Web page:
During a recent 60 Minutes segment, Anderson Cooper investigated facial recognition software’s use in criminal investigations. Using complex mathematical algorithms, the facial recognition software compares a suspect’s face to potentially millions of other mugshots in a dataset.
However, these algorithms are built and trained using a finite number of photos of a very demographically unbalanced dataset. Meaning, when it compares an image to millions of others, it will have a more challenging time distinguishing Black, Asian and female faces in particular. Once a suspect’s face is run through the software, it provides possible matches and ranks them in order of probability.
In the case of Robert Williams, police argue that his wrongful arrest was due to sloppy work done by humans, not the software. Ideally, data analysts review the results provided by the software to determine which results seem accurate, and only then could it be used as a lead and a lead only. Police cannot arrest or charge individuals based on facial recognition alone. But, human error and biased AI have led to an unknown number of wrongful arrests, but we know of at least three individuals who have filed lawsuits due to error.
One issue lies with the lack of national guidelines around facial recognition. Local cities and agencies decide how to use it, who can run it, if formal training is needed and what kind of images can be used. In some cases, police photoshop a suspects’ facial features, especially when a suspect’s face is partially obscured. They edit someone else’s facial features to fill the gaps, but this also skews the accuracy of the results on top of using a problematic algorithm.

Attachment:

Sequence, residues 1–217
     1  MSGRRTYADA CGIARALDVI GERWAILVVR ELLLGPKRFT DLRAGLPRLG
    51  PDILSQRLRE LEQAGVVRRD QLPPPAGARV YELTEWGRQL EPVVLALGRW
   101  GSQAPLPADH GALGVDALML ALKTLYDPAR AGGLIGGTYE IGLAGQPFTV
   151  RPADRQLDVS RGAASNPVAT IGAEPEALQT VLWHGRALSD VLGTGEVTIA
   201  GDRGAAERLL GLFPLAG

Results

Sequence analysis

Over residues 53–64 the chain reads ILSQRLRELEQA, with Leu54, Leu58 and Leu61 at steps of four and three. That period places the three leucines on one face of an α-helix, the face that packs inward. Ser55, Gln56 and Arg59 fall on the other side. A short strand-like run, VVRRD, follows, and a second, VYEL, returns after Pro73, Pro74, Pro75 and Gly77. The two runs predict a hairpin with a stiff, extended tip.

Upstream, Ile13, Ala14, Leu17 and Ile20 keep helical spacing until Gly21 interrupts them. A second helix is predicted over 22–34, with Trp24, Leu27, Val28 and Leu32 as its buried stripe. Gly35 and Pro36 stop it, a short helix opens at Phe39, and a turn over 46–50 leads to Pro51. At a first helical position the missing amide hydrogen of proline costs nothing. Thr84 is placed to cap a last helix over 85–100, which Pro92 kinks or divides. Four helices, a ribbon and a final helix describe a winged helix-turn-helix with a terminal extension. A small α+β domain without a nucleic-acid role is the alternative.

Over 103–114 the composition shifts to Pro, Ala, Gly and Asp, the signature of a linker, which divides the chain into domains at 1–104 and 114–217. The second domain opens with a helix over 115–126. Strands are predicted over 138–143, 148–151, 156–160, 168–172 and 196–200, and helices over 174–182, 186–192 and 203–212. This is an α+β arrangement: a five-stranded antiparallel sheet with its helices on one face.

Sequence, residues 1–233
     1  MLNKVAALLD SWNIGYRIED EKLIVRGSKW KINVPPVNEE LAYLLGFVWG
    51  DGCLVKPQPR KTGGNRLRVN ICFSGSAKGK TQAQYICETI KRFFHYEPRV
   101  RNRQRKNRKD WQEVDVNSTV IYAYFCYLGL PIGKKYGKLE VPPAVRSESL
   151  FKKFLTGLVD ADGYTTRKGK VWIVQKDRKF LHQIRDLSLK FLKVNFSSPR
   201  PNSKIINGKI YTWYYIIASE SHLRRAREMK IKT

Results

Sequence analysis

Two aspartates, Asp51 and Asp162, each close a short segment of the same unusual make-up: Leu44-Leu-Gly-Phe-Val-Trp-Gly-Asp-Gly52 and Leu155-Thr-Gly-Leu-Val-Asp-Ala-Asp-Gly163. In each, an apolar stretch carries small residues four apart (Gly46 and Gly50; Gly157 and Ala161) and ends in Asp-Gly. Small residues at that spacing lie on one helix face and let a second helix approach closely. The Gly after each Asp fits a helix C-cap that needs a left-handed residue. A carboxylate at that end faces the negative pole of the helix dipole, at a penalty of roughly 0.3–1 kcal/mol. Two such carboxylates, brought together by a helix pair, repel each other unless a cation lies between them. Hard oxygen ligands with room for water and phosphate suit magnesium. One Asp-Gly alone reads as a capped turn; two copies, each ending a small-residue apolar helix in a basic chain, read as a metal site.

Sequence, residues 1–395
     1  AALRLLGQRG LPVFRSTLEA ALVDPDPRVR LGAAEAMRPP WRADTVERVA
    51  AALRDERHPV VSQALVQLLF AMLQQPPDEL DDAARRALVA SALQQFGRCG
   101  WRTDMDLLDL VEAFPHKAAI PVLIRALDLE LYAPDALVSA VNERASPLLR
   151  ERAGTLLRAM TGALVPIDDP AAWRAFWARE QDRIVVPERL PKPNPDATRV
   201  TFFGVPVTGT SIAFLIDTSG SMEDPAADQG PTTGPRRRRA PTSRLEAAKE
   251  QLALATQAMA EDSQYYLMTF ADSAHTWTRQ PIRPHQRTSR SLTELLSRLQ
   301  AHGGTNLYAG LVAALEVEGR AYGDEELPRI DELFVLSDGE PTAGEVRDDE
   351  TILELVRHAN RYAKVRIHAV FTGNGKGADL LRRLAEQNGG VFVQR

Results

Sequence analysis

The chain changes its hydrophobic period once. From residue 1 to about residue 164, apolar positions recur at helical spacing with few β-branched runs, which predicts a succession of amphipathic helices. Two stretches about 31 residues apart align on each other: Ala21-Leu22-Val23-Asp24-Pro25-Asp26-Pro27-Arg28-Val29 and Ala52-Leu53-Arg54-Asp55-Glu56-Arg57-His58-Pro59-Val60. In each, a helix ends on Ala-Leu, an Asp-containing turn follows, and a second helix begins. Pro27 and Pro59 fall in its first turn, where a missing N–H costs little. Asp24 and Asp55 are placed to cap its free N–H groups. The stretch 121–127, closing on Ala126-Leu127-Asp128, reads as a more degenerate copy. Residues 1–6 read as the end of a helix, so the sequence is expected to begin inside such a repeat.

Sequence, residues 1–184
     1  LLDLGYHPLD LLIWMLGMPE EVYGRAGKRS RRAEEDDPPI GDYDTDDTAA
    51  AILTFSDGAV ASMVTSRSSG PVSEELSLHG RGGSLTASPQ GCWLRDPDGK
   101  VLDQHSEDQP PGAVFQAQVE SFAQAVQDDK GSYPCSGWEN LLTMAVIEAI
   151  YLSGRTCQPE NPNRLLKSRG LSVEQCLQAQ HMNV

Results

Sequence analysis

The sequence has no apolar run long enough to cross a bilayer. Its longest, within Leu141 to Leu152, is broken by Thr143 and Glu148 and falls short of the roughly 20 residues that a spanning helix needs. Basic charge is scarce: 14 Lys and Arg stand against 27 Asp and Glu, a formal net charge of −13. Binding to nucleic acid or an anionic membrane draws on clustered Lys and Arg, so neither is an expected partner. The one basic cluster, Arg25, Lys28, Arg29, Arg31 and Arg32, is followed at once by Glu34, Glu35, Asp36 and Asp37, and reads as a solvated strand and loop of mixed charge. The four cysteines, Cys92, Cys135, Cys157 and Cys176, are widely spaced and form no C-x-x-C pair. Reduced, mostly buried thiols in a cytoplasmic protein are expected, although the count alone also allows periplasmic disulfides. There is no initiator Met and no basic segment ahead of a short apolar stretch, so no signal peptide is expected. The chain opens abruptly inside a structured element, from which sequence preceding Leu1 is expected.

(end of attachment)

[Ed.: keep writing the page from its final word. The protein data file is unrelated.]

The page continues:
It’s been challenging to acquire datasets that are diverse, private, yet easily accessible.
With TripleBlind, we offer the ability for these algorithms to be built and trained on real data, not modeled data; that way, there are no inherent biases. Algorithms can begin to train and learn from datasets that represent real faces of people with a variety of facial features. This hasn’t been done yet due to the lack of solutions that offer complete data privacy and integrity while being efficient and cost-effective.
One of TripleBlind’s most significant features is its compliance with HIPAA, GDPR and other regulatory standards. We offer the sole solution that successfully de-identities genomic data. We ensure that no one can be re-identified and that the data is never copied and never decrypted. With TripleBlind, we can start filling in the gaps of needed, diverse data for facial recognition to be balanced and trusted.
Agencies and cities are facing costly settlements for wrongful arrests. It’s unknown how many other people have been wrongfully arrested, given that some arrested individuals never find out that facial recognition led to their arrest. Using facial recognition is a controversial practice and will be the subject of many laws and regulations that could make cities vulnerable to more lawsuits.